The characteristics of long-term health service utilisation and hospital treatment cost among injured or chronically ill children compared with their comparison group will be assessed using a generalised linear model with a log link and gamma error distribution to assess hospital length of stay, hospital treatment costs and the number of hospital admissions during the study period. These will be adjusted for sociodemographic and other characteristics, such as injury severity, as relevant.

Dissemination plan

Dissemination of research results will be conducted through peer-reviewed journal articles and presentations at relevant professional conferences. Research findings will also be provided to government agencies, including health and education authorities.

Patient and public involvement

There was no patient involvement in the design of the record linkage study.

Limitations

There will be some study limitations to take into consideration in the interpretation of findings. Only health conditions that are relevant to a hospital admission are indicated in hospital diagnosis records, so it is possible that some conditions could be underenumerated. The study would identify cases where the child had been hospitalised for the injury or chronic health condition, so would not identify children presenting solely to other medical professionals, such as general practitioners, for treatment. However, children who are hospitalised for their injury or health condition are likely to be the most seriously affected. There will not be an opportunity to examining the validity of diagnoses (except between administrative health records), and it is possible that there could be some misclassification. The NSW ED presentation data does not contain information on ED presentations to private hospitals, so private hospital ED presentations will not be examined. However, almost all (93%) of ED services are provided by public hospitals in Australia.32 In identifying the matched comparison cohorts, the recency of postcode of usual residence may vary between data collections. For example, postcode of residence at birth could vary from postcode of residence while at school.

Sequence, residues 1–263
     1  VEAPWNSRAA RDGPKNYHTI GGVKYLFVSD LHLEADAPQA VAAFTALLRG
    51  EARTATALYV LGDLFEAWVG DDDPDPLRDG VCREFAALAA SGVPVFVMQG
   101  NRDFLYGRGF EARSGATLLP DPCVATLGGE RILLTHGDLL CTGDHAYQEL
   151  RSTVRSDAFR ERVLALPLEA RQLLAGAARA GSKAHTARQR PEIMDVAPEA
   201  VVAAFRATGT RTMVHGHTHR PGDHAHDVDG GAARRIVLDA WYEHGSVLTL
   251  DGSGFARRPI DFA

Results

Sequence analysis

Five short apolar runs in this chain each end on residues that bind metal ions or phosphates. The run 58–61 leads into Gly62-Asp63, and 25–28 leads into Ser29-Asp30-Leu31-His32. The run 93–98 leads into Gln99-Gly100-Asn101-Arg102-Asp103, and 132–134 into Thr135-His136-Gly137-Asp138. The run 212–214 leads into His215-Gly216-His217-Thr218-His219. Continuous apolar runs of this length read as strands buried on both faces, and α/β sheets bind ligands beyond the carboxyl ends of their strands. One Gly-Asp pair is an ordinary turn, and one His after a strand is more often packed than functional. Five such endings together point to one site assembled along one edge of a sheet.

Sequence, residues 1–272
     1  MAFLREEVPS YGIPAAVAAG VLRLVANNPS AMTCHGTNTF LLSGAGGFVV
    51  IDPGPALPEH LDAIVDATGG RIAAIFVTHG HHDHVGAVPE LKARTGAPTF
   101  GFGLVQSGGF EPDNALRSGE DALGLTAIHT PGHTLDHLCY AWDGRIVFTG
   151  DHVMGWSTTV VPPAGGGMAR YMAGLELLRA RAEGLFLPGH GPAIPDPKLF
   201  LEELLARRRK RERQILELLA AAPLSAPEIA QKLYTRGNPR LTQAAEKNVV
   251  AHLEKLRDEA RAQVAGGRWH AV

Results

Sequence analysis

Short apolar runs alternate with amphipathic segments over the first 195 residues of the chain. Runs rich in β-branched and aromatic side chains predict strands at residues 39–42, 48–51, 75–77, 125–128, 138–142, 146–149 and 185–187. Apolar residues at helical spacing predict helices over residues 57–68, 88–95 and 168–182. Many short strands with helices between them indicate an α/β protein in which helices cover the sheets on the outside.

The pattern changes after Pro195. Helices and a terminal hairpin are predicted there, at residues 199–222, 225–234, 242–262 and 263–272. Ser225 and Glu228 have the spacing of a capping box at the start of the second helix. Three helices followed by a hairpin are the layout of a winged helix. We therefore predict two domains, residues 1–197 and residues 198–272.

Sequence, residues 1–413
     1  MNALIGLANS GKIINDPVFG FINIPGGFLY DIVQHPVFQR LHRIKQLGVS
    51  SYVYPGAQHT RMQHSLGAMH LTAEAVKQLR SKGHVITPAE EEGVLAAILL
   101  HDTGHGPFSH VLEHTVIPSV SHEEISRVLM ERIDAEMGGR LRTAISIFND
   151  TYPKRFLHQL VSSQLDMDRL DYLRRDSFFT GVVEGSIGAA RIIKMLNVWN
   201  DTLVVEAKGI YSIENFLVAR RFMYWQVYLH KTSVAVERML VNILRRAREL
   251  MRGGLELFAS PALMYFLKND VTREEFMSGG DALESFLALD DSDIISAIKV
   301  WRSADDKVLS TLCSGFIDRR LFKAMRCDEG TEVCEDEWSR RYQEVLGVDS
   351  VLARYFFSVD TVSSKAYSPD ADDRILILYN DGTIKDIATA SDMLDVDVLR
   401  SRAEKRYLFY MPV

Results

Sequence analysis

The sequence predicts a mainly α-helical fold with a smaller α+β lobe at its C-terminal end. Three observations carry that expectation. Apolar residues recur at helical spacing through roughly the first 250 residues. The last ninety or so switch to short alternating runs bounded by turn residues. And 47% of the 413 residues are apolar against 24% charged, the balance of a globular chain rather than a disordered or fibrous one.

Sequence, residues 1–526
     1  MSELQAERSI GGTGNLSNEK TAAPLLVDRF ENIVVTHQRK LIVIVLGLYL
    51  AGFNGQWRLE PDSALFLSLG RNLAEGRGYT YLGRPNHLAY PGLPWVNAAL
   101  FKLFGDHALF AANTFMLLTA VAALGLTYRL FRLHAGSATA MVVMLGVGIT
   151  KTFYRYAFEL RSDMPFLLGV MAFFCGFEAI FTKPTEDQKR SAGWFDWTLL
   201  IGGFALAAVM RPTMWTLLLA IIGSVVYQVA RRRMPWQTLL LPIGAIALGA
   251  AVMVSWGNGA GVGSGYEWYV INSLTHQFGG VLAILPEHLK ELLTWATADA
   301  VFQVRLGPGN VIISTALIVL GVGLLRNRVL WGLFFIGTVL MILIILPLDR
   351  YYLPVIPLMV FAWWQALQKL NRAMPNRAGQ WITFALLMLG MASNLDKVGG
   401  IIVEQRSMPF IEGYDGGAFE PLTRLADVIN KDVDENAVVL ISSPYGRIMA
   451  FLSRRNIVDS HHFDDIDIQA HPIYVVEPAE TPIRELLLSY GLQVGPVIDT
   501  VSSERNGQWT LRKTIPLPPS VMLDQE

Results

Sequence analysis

Discussion

This research will examine the impact on school performance and high school completion of children who are hospitalised for an injury or a chronic health condition—namely diabetes, epilepsy, asthma or mental health conditions—compared with children who have not been seriously affected and hospitalised for these health conditions. It will identify the characteristics of children who are most likely to be adversely affected by their health conditions. This may include children who have multiple hospital admissions, extended time in hospital, more serious injuries, multiple health conditions, specific types of injuries or children whose primary language is not English or who reside in disadvantaged socioeconomic areas. The study is also likely to include children whose injuries and illnesses are the direct cause of cognitive difficulties resulting in poor educational performance. It is anticipated that research findings will identify any educational outcome disparities with a comparison population and the characteristics of injured and chronically ill children most likely to have problems with learning at school and will highlight where educational support services are most needed.

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Footnotes

  • Contributors RM, CMC and AM were involved in study design. RM wrote the first draft of the protocol, and all authors were involved in critical revision of the protocol.

  • Funding Philanthropic donor.

  • Competing interests None declared.

  • Patient consent for publication Not required.

  • Ethics approval Ethical approval was obtained from the NSW Population Health Services Research Ethics Committee (HREA: 018HRE0904).

  • Provenance and peer review Not commissioned; externally peer reviewed.

  • Data availability statement No data are available.